Can a node be tagged with: building=yes?

I found a particular node which is tagged with “building=yes”:

Why is that so?

What does this node represent?

And when should nodes be tagged with “building=yes”?

Thank you for the reply.

that is eight years old bull… please delete it.


Thank you for the reply wambacher.
So the answer is: No, a node can not be tagged with “building=yes”?

Only closed ways and relations can?

A node can be tagged with building when building geometry is not clear.
There are a lot of places on the Earth without highres satellite images available for OSMers. Some imports also give only approximate position of the building but provide full address information.

Although tagging a node building=yes can make sense in general, the particular one you linked to has also been mapped as an outline so you would not want to map the building twice by having the tag on a node as well. You could consider deleting the node altogether and adding its tags to the mapped building outline.

Thank you for the useful replies wowik and Wynndale.

I do not know how to do that. I will leave this to more experienced users.

If is you, I’d encourage you to jump in and start editing! The first time that you select the “edit” button at the top the default browser editor will take you through a quick tutorial that’s easy to follow.

Hi SomeoneElse

Yes, that is me. I actually tried some editing testing in JOSM editor, but at the moment I can not run it any more. My Java installation has been messed up.
It seems I would have to try learning how to edit OSM data through iD.
Thank you for the mentioning the tutorial, I did not know it exists.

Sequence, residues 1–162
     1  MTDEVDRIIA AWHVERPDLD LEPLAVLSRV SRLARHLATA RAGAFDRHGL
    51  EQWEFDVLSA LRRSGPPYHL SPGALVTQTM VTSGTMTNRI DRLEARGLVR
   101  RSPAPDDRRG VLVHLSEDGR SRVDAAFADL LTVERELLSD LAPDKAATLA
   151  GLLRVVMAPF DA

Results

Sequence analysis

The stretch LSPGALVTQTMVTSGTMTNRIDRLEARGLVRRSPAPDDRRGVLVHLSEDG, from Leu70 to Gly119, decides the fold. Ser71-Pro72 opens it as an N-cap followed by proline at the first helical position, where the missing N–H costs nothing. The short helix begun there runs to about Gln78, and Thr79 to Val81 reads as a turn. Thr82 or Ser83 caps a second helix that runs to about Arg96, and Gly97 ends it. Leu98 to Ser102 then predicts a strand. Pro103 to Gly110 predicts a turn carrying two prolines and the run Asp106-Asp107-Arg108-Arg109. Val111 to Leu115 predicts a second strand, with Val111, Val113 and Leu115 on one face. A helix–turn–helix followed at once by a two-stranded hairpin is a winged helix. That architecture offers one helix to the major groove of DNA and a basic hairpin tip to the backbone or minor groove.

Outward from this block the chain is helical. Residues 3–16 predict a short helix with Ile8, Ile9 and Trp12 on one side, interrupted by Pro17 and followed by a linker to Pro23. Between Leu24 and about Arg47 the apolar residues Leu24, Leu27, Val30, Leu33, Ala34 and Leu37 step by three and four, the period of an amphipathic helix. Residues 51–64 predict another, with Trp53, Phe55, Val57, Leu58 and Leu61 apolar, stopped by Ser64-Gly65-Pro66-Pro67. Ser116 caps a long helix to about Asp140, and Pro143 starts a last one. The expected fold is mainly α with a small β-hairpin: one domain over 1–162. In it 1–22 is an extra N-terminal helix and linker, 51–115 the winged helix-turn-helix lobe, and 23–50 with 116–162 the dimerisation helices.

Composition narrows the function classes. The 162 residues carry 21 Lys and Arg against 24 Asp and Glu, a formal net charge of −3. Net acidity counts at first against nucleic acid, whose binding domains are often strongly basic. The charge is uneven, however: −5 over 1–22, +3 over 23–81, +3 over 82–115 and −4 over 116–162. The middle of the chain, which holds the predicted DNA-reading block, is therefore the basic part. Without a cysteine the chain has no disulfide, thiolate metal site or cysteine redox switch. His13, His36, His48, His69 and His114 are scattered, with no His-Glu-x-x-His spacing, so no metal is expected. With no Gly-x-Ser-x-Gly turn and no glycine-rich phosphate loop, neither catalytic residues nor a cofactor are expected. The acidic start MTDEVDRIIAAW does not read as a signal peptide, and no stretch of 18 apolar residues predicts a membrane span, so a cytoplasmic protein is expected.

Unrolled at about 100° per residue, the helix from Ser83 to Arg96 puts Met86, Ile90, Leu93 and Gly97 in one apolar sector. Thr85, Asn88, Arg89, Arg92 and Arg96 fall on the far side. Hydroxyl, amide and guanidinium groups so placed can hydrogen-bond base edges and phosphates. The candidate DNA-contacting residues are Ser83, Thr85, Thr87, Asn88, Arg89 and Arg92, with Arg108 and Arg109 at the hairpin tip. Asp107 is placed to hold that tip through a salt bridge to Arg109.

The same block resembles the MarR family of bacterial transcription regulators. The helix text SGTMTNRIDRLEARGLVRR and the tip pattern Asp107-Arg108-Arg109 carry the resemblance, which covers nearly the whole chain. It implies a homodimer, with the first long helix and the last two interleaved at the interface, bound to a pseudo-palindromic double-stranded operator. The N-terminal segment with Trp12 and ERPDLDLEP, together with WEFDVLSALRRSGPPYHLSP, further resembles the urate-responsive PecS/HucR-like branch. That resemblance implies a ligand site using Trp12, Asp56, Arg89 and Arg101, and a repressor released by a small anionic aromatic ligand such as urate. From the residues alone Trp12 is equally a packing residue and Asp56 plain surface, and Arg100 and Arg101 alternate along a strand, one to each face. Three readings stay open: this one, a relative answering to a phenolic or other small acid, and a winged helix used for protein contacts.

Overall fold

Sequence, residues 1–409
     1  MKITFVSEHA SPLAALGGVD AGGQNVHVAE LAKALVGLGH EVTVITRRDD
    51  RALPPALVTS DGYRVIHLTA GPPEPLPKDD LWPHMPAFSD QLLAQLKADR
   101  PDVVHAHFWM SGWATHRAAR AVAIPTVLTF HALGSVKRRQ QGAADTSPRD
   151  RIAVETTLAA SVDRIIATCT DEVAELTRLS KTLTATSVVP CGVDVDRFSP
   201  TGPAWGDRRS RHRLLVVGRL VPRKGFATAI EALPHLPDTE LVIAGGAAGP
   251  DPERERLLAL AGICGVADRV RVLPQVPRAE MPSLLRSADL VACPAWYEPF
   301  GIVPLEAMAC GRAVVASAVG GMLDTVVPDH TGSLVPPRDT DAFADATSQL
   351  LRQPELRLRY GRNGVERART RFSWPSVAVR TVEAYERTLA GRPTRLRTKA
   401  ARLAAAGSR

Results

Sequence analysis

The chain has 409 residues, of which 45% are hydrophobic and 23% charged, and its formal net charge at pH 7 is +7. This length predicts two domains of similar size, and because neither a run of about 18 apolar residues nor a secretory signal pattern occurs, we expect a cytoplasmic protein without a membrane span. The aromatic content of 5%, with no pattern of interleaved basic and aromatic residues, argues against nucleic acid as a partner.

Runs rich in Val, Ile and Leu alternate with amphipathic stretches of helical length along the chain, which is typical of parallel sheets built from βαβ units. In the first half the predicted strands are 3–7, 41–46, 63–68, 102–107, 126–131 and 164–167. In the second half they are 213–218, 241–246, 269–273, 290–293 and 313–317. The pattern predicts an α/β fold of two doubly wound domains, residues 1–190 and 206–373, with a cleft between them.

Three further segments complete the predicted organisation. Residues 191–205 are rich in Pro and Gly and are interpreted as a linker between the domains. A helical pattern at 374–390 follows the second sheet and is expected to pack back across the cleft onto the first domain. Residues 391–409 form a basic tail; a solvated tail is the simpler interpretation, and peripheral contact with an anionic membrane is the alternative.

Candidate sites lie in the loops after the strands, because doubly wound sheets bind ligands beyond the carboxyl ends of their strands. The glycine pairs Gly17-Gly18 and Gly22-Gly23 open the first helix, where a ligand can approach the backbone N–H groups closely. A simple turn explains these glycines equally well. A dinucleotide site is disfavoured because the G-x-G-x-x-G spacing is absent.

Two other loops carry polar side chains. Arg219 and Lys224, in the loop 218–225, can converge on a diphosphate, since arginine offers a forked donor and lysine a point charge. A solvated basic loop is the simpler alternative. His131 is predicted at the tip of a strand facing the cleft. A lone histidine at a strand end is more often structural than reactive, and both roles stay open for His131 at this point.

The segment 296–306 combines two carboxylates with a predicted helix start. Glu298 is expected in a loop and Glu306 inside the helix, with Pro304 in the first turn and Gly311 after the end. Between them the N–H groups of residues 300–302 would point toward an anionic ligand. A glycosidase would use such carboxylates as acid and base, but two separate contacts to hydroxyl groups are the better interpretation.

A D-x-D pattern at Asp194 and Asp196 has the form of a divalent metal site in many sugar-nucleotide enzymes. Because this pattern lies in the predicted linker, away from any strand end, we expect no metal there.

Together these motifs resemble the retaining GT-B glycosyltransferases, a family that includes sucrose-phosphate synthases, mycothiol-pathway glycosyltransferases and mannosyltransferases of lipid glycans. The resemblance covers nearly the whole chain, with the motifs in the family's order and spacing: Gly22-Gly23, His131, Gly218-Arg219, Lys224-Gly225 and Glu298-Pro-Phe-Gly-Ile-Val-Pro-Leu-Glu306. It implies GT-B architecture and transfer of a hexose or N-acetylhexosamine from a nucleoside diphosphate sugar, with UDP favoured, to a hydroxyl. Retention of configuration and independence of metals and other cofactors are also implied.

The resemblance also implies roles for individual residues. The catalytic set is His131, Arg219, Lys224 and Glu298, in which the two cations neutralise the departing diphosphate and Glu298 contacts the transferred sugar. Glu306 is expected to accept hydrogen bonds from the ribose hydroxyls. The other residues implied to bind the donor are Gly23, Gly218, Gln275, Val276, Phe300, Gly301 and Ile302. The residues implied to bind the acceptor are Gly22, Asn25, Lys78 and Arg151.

Wrong way: get Java/Josm running again and forget about iD.


Thank you Walter.

I googled a bit, and saw how much more powerful JOSM is in comparison with iD. That’s why I started using it.
But I can simply not get hold of installing Java.
Some Error 1603 is driving me crazy, and I can not fix it.

It’s not only JOSM, I can not use another application which requires Java.

I do not see any other way, other than formatting the whole hard drive and installing a new version of Windows.
Which I am reluctant to do.

I really do not know how to fix this damn 1603 error any more.

While you’re trying to get Java working, I’d definitely try one of the other OSM editors.

They’re all good for different things - iD is designed for people who haven’t edited things in OSM before; JOSM allows you to do more things, but it’s more complicated and easier to make mistakes (and those mistakes could potentially be more serious). I personally use Potlatch 2 most of the time, because it’s the best at working with an existing GPX file with waypoints in it (which is what I normally do), and the UI presentation gives the impression of having being “designed” rather than just “written”, but I do use JOSM (and other editors) as appropriate too.

But what’s important is not which editor - you’ll only really get to understand how and why people map stuff as they do by actually doing it yourself, and iD is an excellent way to get started, because it does include a nice tutorial at the start, and doesn’t have third-party dependancies.

Thank you SomeoneElse. Will try iD then.

Another good way to get started with OSM is to sit together with a more experienced user. You can search for one in your area with

Thank you Escada!!
This is very good map, I haven’t been aware of its existence!